The Santos-Dumont Demoiselle ("Damselfly") was a pioneer era aircraft built in France by Brazilian aviation pioneer Alberto Santos-Dumont. It was a light-weight monoplane with a wire-braced wing mounted atop an open-framework fuselage built around a reinforced bamboo boom. The pilot's seat was below the wing, and between the main wheels of the undercarriage. The rear end of the boom carried a tailwheel and a conventional empennage. As originally designed (as the Santos-Dumont No. 19) Santos-Dumont used a liquid-cooled Dutheil & Chalmers flat-twin engine rated at 15 kW (20 hp) mounted on the leading edge of the wing. Later, the inventor repositioned the engine to a lower location, placing it in front of the pilot. The Demoiselle was controlled in flight by a tail unit, pivoting on a form of universal joint that functioned both as elevator and rudder, which the pilot operated with a steering wheel.
The No. 19 was damaged beyond repair when crashed by Hélène Dutrieu in 1908. Santos-Dumont's next Demoiselle, the No. 20, featured an 18-kW (24-hp) Antoinette engine, later replaced with a Darracq-built liquid-cooled opposed twin engine of approximately 3.2 litre displacement and similar power output, and some additional wing reinforcements. Both the Antoinette and Darracq-powered versions had a pair of lightweight thin-tube radiators mounted under the wing roots and just below the lower layer of fabric wing covering, running the entire 1.70 meter chord of the wing root panels. It also utilised wing warping for lateral control, with control cabling that only pulled down alternately on the outer section of the rear wing spar with no "upwards" warp capability. Due to structural problems and continuing lack of power Santos-Dumont introduced additional modifications in the No. 21: a triangular and shortened fuselage made of bamboo; the engine was moved back to its original position, in front of the wing; and increased wingspan. The design of No. 22 was similar to No. 21. Santos-Dumont tested opposed-cylinder (he patented a solution for cooling this kind of engine) and water-cooled engines, with power settings ranging from 15–30 kW (20–40 hp) in the two variants. A feature of the water-cooled variant was the liquid-coolant pipeline which followed the wing lower side lofting to improve aerodynamics.
The Demoiselle could be constructed in only fifteen days. Possessing outstanding performance, easily covering 200 m of ground during the initial flights and flying at speeds of more than 100 km/h, the Demoiselle was the last aircraft built by Santos-Dumont. He performed flights with it in Paris, and made trips to nearby places. Flights were continued at various times through 1909, including the first cross-country flight with steps of about 8 km, from St. Cyr to Buc on 13 September 1909, returning the following day, and another on 17 September 1909 of 18 km in 16 min. The Demoiselle, fitted with a two-cylinder engine, became rather popular. The French World War I ace Roland Garros flew it at the Belmont Park, New York, in 1910. The June 1910 edition of the Popular Mechanics magazine published drawings of the Demoiselle and affirmed that "This machine is better than any other which has ever been built, for those who wish to reach results with the least possible expense and with a minimum of experimenting." American companies sold drawings and parts of Demoiselle for several years thereafter. Santos-Dumont was so enthusiastic about aviation that he released the drawings of Demoiselle for free, thinking that aviation would be the mainstream of a new prosperous era for mankind. Clément-Bayard, an automotive maker, constructed Demoiselles, they planned a production run of 100 units, built 50 and sold only 15 for 7,500 francs for each airframe. (or 50,000 francs.) It was the world's first series production aircraft. By 1909 it was offered with a choice of 3 engines, Clement 20 hp; Wright 4-cyl 30 hp (Clement-Bayard had the license to manufacture Wright engines); and Clement-Bayard 40 hp designed by Pierre Clerget. It achieved 120 km/h.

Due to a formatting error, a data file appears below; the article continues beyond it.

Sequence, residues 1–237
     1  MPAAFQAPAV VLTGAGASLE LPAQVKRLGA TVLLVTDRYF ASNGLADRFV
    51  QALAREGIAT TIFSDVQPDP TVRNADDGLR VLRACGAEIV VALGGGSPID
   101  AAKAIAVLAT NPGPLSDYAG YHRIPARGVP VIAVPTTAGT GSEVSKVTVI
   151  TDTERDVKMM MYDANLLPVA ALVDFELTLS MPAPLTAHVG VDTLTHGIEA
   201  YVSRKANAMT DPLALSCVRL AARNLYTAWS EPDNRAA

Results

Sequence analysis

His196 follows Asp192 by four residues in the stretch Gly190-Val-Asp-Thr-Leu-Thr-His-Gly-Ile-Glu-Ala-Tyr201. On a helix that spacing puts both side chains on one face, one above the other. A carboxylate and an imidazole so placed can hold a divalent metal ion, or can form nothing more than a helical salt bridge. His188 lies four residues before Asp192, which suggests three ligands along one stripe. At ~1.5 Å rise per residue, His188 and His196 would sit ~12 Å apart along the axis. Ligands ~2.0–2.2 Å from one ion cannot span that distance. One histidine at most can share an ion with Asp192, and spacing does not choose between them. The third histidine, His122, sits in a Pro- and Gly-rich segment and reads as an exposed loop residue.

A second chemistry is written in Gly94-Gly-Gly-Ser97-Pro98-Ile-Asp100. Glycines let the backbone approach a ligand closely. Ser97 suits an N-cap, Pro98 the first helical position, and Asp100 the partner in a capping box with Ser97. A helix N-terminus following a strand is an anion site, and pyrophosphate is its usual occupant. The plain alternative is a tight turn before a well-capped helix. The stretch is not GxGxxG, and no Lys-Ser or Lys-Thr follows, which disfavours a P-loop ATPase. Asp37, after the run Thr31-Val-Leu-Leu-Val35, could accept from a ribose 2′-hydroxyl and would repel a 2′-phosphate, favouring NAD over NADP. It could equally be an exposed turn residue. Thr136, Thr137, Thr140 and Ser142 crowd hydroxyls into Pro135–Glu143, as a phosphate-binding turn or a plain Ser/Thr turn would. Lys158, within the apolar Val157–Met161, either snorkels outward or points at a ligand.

An example of a No. 21 with a Darracq engine is preserved in the Musée de l'Air et de l'Espace. Several flyable replicas were built by Personal Plane Services Ltd for the 1965 film 'Those Magnificent Men in Their Flying Machines' and others have been built since then.
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... General characteristics Crew One pilot Length 8.00 m (26 ft 3 in) Wingspan 5.10 m (16 ft 10 in) Height 2.40 m (7 ft 11 in) Wing area 10.2 m2 (110 ft2) Gross weight 143 kg (314 lb) Powerplant 1 × Darracq, 26 kW (35 hp) Performance Maximum speed 90 km/h (60 mph). ...